The characters, dialog, and weapons borrow heavily from American westerns but never cross the line into cheese. Personalities are well formed and never act outside of their nature just to fulfill a plot device. You can only imagine my delight in the movie theater as I watched a space cowboy deliver justice to zombie like creatures. Joss Whedon, in that moment, became my hero.
As I re-watched this treasure on Blu-Ray for the first time I was impressed all over again. It is a beautiful movie and the clarity is brilliant. Of course, in my humble opinion, it is never a poor decision to watch Nathan Fillion (sans shirt) in the most pristine viewing option possible. All in all; if you haven’t seen the show but are interested in this flick it never assumes. There is a fine line to walk when telling a story to those who are already familiar and those who aren’t. Joss does this masterfully with Serenity while never leaving anyone behind but never badgering a follower with old plot points.
4 out of 5 stars
1 leaf on the wind
Indie Game: The Movie Official Trailer (by IndieGame: The Movie)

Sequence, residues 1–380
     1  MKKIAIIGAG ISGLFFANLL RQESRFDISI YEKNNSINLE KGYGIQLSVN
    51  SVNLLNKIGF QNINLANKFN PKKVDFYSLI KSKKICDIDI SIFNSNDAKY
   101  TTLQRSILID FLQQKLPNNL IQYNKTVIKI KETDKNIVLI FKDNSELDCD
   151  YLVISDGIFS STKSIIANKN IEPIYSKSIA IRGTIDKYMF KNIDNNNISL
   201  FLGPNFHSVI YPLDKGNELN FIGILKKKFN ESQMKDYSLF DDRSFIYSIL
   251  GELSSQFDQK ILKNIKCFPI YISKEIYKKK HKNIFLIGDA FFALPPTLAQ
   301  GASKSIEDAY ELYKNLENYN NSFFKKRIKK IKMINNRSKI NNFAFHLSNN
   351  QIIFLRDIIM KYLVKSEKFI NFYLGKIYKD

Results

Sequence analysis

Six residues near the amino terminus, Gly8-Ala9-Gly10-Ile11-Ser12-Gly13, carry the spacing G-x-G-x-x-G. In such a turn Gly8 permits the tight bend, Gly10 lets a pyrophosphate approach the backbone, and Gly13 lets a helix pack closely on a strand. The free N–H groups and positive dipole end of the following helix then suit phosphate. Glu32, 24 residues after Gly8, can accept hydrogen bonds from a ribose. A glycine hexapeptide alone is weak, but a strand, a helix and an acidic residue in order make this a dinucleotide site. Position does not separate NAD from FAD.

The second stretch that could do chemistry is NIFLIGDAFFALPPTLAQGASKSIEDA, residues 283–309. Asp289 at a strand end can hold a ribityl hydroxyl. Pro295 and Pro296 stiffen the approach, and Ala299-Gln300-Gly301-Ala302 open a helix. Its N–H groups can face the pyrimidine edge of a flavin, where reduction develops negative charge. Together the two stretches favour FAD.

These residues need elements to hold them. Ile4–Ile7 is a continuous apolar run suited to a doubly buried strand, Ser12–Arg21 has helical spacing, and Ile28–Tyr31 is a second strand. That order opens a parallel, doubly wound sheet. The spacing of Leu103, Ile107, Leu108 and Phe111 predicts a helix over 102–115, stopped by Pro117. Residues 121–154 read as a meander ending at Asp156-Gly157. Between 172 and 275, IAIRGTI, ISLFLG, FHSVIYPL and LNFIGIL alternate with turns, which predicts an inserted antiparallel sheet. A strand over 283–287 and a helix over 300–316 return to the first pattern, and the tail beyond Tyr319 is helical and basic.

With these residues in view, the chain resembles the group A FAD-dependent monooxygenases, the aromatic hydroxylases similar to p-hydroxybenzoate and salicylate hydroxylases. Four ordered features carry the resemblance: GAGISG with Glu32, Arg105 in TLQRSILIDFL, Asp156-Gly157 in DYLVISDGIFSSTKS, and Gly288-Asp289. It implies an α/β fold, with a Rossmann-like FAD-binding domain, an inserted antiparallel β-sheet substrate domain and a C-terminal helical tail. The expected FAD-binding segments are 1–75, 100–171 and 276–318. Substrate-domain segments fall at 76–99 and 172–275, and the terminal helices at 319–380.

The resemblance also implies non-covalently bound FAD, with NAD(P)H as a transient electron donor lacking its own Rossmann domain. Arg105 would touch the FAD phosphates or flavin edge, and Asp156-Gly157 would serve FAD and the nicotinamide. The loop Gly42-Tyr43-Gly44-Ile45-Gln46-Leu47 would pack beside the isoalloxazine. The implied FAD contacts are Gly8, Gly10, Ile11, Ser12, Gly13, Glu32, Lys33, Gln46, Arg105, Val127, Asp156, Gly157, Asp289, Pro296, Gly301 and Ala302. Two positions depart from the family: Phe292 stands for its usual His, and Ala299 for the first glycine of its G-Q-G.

Help finish the movie. Check out and consider supporting the Kickstarter campaign: kickstarter.com/projects/blinkworks/indie-game-the-movie-the-final-push
Indie Game: The Movie is a feature documentary about video games, their creators and the craft. The film follows the dramatic journeys of indie game developers as they create their games, and as they release those works, and themselves, to the world.
Indie Game: The Movie is about making video games, but at its core, it’s about the creative process and exposing yourself through your work.
I will definitely be checking this out as soon as possible. Hopefully they’ll get a fan base.
Emma Stone offered Pride And Prejudice And Zombies
Zombieland and Amazing Spider-Man actress Emma Stone has been offered the lead role in troubled book adaptation Pride And Prejudice And Zombies.
The film has long been struggling in pre-production, with numerous directors considering then dumping the project.
Stone has now been officially offered the role of zombie-butchering heroine Elizabeth Bennet in the adap of Seth Grahame-Smith’s book, which puts a spin on Jane Austen’s classic text.
Previously, Anne Hathaway, Scarlett Johansson and Mia Wasikowska were all being considered as replacements for Natalie Portman, who left the role last year.